4.4.20: Crossing The Rubicon


Hello. Today is the birthday of a one Robert Downey Jr., who turns 55.

Now, in the 1990s, it was commonly assumed by the mass media that Robert Downey Jr. was going to end up dead of substance abuse. In fact, I think they almost reveled in the possibility just a little bit. RDJ was a punchline, much like Lindsey Lohan etc. would later become.


After a series of not-insignificant (for celebrity standards) stints in jail, RDJ started the road to recovery. In 2001, he starred in the Elton John music video “I Want Love,” which is probably one of the most “naked” art-meets-reality bits of film I’ve personally seen.

In 2008, RDJ starred as Tony Stark in the movie Iron Man. Now, Stark in the comics famously had a storyline dealing with his alcoholism. While the first “Iron Man” movie didn’t address that topic specifically, it was very much in meta-textual synchronicity with RDJ’s own life struggles; which was probably why, in part, it was such a huge success as a role and as a movie.

And now RDJ’s 55 and seems in reasonably good physical and mental condition, with 3 kids. And he’s also the mentor for Peter Parker, which is pretty neat.


I have started a new blog in addition to this. It is called GO ASK VALIS.

For those who have followed my now-closed site BUTTERFLY LANGUAGE, you may be wondering why I just don’t reopen that one instead, rather than start something new that’s time-consuming.

Well, originally the name “Butterfly Language” had a dual meaning. It referenced a famous Timothy Leary essay, but it also was a nod to a comic book I wrote over a decade ago for Marvel Comics called PunisherMAX: Butterfly.


Now, to back up, when I was a child, I was a HUGE Marvel fan. In fact: the first appearance of the Punisher, in Amazing Spider-Man #129, came out the month and year I was born. So getting a chance to work on an actual legit Punisher comic book should have been this really wonderful experience. And it actually came out pretty good.

But instead, it became this really abusive experience. That was an ironic situation, because the comic was actually about my own abuse. (I—and others—have written about this extensively in other places, but this is the Reader’s Digest version.) And I think this pattern has sort of continued for longer than it should have.

I was already prone to alcoholism and depression, so getting threats of violence and being basically humiliated in front of the community I loved was very problematic for me. Feeling like it was an issue of me being abused by sexist males, I turned to the community’s feminist sector as a means of emotional support. But I was largely (and often publicly) rejected by them, because I just was too…what’s the word…”weird?”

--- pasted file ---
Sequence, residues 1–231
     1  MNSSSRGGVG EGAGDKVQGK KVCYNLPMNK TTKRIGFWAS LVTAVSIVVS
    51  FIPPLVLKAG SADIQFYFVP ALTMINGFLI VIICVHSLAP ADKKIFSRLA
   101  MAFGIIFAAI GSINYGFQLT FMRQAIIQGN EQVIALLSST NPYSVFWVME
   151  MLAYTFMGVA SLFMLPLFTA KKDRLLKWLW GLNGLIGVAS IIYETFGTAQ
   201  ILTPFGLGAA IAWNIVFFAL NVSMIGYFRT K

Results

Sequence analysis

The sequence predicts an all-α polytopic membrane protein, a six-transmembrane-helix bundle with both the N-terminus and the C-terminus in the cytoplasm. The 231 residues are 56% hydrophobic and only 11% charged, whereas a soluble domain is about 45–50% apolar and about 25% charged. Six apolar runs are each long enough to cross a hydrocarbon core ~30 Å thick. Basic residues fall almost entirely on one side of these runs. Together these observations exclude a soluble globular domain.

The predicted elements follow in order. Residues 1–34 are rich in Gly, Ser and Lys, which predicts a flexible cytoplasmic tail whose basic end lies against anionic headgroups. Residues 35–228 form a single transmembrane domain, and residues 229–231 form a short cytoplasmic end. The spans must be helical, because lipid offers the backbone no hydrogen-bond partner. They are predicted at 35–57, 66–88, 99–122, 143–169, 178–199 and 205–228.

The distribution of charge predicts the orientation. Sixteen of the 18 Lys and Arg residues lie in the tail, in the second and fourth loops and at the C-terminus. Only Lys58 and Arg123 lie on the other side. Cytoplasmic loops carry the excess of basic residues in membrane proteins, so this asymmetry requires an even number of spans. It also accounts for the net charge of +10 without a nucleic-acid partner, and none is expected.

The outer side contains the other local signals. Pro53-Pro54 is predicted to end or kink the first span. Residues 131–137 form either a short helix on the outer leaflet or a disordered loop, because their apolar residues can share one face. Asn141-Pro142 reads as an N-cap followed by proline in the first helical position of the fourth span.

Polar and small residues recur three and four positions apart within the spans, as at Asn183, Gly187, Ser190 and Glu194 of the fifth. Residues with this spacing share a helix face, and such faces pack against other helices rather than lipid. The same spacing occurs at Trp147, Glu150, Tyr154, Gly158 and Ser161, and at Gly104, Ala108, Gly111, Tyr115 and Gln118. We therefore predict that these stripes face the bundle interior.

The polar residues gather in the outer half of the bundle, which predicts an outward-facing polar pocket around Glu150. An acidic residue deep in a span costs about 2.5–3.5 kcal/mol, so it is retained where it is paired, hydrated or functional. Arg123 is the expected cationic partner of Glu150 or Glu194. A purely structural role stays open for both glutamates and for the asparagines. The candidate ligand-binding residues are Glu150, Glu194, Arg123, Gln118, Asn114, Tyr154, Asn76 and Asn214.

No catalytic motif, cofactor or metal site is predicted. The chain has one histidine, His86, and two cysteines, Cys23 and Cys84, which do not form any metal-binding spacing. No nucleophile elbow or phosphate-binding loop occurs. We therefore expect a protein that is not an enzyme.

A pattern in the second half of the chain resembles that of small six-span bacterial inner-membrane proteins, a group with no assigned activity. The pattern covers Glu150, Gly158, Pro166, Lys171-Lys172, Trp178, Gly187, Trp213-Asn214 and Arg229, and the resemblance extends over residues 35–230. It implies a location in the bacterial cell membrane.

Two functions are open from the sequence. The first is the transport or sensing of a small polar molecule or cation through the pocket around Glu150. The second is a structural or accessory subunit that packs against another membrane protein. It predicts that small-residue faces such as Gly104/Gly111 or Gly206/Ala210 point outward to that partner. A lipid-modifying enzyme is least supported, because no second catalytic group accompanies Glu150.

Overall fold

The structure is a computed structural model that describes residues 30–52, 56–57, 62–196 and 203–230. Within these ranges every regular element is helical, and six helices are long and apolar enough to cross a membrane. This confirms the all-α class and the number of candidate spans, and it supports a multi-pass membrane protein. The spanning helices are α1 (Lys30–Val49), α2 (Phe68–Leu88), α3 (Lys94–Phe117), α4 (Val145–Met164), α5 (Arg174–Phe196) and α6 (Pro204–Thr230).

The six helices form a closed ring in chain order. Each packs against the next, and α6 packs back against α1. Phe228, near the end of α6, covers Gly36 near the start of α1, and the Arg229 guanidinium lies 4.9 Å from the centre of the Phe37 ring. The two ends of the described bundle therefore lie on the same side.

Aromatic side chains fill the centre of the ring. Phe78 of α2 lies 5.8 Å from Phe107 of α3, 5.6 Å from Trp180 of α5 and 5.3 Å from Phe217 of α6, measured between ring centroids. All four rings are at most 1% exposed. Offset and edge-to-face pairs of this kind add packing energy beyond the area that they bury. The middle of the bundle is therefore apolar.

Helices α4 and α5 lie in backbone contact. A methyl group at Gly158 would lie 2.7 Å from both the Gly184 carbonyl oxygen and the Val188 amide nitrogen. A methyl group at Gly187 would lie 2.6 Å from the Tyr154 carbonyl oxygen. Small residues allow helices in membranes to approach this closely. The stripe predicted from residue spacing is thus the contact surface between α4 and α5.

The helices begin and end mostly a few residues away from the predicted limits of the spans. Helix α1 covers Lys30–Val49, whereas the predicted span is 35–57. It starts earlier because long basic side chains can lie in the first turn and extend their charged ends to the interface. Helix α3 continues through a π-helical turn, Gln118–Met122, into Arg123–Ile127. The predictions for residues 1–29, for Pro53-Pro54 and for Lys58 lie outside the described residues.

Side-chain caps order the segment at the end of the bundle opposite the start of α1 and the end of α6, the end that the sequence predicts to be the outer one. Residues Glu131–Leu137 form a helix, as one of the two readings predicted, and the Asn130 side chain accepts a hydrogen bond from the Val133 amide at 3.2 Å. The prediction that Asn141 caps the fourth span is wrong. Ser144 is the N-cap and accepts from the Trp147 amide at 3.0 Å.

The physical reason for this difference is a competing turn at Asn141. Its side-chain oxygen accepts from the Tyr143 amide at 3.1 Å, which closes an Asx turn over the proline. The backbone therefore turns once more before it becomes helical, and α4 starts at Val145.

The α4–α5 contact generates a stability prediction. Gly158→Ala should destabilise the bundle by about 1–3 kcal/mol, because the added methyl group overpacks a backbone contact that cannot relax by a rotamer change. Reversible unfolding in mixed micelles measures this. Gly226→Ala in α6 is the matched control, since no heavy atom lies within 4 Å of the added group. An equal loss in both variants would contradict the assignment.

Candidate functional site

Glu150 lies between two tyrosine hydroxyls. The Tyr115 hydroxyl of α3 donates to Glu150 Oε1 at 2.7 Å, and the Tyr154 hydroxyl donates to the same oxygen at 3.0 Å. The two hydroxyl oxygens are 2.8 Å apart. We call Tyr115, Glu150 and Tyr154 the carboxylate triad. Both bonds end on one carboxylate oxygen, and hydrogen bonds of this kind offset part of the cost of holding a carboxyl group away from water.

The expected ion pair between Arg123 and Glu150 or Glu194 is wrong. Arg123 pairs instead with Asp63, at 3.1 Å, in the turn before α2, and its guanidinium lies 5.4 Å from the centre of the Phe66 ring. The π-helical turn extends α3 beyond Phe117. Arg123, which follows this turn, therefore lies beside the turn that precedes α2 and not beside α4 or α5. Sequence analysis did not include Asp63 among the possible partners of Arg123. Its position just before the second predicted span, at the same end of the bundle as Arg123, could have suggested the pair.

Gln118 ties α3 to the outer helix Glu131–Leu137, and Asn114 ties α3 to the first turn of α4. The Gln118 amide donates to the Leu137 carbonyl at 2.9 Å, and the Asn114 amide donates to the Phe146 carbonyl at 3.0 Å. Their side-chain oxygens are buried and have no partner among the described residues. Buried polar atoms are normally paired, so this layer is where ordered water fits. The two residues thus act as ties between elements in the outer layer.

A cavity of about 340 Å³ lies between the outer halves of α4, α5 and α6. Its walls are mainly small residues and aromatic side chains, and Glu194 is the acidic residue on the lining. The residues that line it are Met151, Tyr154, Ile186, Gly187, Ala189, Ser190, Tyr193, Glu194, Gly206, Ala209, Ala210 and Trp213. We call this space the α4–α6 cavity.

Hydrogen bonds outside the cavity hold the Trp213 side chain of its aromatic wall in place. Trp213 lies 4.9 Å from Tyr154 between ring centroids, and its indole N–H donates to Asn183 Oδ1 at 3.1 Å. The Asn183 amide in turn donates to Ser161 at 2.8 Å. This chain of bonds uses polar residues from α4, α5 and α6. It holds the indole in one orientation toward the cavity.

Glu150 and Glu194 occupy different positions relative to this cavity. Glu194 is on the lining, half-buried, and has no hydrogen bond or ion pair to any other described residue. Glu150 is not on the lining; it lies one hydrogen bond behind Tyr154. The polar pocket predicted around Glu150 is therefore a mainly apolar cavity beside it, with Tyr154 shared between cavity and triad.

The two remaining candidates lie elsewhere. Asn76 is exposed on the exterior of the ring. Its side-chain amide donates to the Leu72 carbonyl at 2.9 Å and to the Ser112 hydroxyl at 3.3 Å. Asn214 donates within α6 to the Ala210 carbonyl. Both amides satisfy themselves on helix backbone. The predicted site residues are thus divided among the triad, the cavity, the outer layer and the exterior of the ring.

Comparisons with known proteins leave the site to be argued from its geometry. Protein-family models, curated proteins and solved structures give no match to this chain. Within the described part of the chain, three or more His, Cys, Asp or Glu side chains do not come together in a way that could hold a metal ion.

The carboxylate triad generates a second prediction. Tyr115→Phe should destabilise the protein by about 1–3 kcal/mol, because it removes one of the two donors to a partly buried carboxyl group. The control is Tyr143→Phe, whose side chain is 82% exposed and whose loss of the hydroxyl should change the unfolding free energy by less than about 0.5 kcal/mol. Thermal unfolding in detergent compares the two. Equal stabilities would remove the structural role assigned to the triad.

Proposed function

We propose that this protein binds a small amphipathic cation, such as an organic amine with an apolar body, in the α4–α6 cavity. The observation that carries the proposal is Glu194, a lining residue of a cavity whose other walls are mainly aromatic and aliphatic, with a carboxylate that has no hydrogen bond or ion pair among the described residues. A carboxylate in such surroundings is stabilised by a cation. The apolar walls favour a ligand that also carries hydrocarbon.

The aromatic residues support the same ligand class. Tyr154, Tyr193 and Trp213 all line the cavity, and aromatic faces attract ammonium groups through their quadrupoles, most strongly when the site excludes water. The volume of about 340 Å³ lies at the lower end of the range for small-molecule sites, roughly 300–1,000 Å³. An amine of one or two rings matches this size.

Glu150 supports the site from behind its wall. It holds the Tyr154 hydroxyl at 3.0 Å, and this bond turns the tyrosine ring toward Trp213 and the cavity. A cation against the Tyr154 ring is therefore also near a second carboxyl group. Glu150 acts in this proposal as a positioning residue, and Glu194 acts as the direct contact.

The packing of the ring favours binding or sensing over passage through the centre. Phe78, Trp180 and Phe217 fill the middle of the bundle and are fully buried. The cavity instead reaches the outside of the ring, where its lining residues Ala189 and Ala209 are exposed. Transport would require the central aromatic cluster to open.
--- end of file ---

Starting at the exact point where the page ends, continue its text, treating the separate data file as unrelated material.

And so I ended up finding support from a very odd place—from the very sector of males from which my original trolls emanated. (The full story of which is more than a simple Reader’s Digest summary can handle; but probably should be written out one day, because it’s really batshit insane in the most gonzo way possible.)

This was all very confusing to me. And while all this noise was going on, NONE of my issues of abuse and trauma and actually diagnosed PTSD were being properly addressed. And a good chunk of that is on me. I let myself be distracted. I was driven by this constant need to be embraced by a community that had more than enough of their own unaddressed festering problems to deal with. It’s like constantly turning to a dysfunctional parent who is just not capable of giving you the love you want.

You have to start by giving yourself the love. You have to be your own parent. You have to be your own “fan.”

Anyway, because of this connection the word “butterfly” had with my trauma, I always felt, to a degree, disempowered by it being part of the name of my website.

And the name “VALIS” felt much more empowering.





GO ASK VALIS is a repository of my most esoteric work. Some of it reprinting earlier material, and some (like my Arcanium series), just sheer stream-of-consciousness work.

And it may or may not surprise you that a portion of that writing is, on the surface, not about esotericism at all—but rather, science and technology. Though, as the author/philosopher Robert Anton Wilson noted, “biology is much more mystical than theology.”

I will still publish pop-cultural esoteric musings and rants and riffs on this site. Please feel no obligation to read it all; I’m just pushing it all out the door because what else can I really do?

There’s a lot more I can comment now on many things, but I think this is a good place to leave it for today.

Have a good day.